If you’re decided on enlarging your photos, make sure you stick with cameras that offer a high megapixel count. To be on the safe side, go for cameras that offer 10 or 12 megapixels. If you’re working on a budget, go for a camera that has a minimum of 5 megapixels. Depending on what you choose among the three camera types, here are the optimum sizes you can go for if you still want to retain stellar image quality after enlarging your photograph:

5MP Cameras

 

Image QualityOptimum Canvas Print Size
Good20" x 30"
Better18" x 24"
Best8"x10"

 

10MP Cameras

 

Image QualityOptimum Canvas Print Size
Good30" x 40"
Better20" x 30"
Best18" x 24"

 

12MP Cameras

 

Image QualityOptimum Canvas Print Size
Good40" x 60"
Better30" x 40"
Best20" x 30"

 

photos on canvas Your photos are in good hands...megapixels and all.

Other Factors to Consider When Enlarging a Photograph

Remember those other factors I talked about in the beginning of this post? Well, here is a little more info about them.

Photo Sharpness

If you notice, each megapixel setting has a corresponding image size. This is where image sharpness comes in. By sticking to the specifications set for increasing image size, you’ll end up with a clear photograph once it’s been enlarged.

Camera Noise

Camera noise is also another factor that you can expect to see during photo enlargement, especially if you are using a high ISO. High ISO (otherwise known as film speed) can sometimes end up as producing some ugly looking noise in a photo. Especially if you underexposed your photo and try to fix it in Photoshop. Camera noise or pixelation can also happen when you end up increasing the size of your image beyond the optimum size set for your camera’s number of megapixels. The result of an image that’s been enlarged beyond the optimum size will result in a grainy photo with random speckles. While some find this appealing most still prefer to have their photographs crisp and clear.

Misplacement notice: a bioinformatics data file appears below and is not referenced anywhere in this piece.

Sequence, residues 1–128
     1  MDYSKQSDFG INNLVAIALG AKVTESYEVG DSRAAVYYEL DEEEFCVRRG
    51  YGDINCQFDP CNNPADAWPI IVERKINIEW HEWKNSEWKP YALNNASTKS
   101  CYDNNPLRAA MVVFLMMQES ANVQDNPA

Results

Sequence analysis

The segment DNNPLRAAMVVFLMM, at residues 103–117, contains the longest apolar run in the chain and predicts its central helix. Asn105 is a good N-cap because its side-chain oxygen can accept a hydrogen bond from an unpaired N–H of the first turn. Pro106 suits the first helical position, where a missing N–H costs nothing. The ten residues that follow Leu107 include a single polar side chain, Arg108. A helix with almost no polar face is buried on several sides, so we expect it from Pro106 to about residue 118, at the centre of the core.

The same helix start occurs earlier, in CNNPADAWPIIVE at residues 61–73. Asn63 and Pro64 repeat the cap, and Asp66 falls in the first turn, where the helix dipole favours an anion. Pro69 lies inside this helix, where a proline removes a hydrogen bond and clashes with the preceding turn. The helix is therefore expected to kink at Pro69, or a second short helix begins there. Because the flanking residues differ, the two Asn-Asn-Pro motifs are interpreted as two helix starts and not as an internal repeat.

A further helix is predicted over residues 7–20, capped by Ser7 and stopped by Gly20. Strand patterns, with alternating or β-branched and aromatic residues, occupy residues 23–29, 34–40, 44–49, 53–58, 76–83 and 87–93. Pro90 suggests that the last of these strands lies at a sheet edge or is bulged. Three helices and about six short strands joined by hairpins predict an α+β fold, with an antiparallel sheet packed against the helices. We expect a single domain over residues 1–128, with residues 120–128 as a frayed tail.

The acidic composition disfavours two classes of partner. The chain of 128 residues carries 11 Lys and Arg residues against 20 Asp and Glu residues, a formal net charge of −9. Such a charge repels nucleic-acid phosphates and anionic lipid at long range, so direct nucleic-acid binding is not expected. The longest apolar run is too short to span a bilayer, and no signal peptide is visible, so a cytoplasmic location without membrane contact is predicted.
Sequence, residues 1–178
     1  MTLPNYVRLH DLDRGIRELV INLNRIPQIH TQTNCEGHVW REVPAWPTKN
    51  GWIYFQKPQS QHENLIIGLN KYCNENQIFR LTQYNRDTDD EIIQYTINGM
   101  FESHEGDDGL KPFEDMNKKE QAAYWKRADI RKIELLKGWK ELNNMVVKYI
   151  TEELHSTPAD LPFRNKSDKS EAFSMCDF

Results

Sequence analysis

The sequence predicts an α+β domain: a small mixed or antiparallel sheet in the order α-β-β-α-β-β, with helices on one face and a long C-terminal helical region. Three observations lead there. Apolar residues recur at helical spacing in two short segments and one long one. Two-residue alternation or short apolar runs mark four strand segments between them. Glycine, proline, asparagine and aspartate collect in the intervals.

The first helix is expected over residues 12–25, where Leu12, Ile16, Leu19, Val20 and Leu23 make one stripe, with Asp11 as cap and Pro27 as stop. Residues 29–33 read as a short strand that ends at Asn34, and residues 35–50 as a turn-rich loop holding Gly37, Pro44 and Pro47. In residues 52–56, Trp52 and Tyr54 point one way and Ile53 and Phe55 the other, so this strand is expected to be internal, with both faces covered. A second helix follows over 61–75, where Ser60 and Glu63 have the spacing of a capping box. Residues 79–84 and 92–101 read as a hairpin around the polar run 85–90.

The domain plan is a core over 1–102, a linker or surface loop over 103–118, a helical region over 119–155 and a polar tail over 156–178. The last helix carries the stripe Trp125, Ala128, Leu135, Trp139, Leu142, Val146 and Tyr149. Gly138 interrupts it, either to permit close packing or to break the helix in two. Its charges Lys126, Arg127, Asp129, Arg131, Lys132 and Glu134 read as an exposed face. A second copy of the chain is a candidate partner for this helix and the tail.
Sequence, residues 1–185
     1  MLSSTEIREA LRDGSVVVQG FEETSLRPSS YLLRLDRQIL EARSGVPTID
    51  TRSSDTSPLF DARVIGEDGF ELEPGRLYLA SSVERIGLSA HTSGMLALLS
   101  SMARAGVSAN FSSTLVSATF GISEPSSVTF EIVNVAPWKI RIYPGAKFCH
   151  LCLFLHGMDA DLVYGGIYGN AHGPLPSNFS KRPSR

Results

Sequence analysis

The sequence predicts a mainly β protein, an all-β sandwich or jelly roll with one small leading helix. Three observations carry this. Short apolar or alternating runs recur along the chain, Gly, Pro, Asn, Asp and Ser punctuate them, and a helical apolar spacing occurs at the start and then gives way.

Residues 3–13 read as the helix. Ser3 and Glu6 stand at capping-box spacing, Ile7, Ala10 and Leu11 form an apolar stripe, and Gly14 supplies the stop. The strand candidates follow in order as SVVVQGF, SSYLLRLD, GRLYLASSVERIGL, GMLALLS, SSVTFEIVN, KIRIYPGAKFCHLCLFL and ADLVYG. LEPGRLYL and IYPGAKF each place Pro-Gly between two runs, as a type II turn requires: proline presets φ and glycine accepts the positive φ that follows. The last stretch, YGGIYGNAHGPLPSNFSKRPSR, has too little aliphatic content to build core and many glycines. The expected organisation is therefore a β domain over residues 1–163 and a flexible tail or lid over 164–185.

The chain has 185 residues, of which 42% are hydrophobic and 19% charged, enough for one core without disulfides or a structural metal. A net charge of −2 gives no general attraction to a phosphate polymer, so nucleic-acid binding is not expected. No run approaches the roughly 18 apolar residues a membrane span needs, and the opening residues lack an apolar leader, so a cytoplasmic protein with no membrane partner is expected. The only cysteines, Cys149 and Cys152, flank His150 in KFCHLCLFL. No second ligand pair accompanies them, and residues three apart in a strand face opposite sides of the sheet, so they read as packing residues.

Dots Per Inch (DPI) Resolution

Whenever you talk about image resolution, dots per inch or DPI is sure to follow. DPI is a form of measurement that shows the total number of dots that make up an inch of a particular image once it’s seen on screen. A high DPI results in a high-quality picture with superior resolution. It’s important not to overlook this to keep you from dealing with poor image quality. For web images, you can keep your image’s resolution at 72 dpi. Images that need to be printed for photos on canvas should have a minimum of 180 dpi to get the best image quality.

photos on canvas We want to make sure every one of your photos on canvas are the quality that you deserve. Whether they are hanging in your home or your office.

Photography, fine art printing and decorating news and advice

Tips-n-Tricks #82

When you are photographing your kids, look for clean backgrounds to make the most impact. Clean backgrounds meaning that your subject is competing with a television, or power lines etc to be the focus of the photo. This takes some practice...especially when doing it on the fly.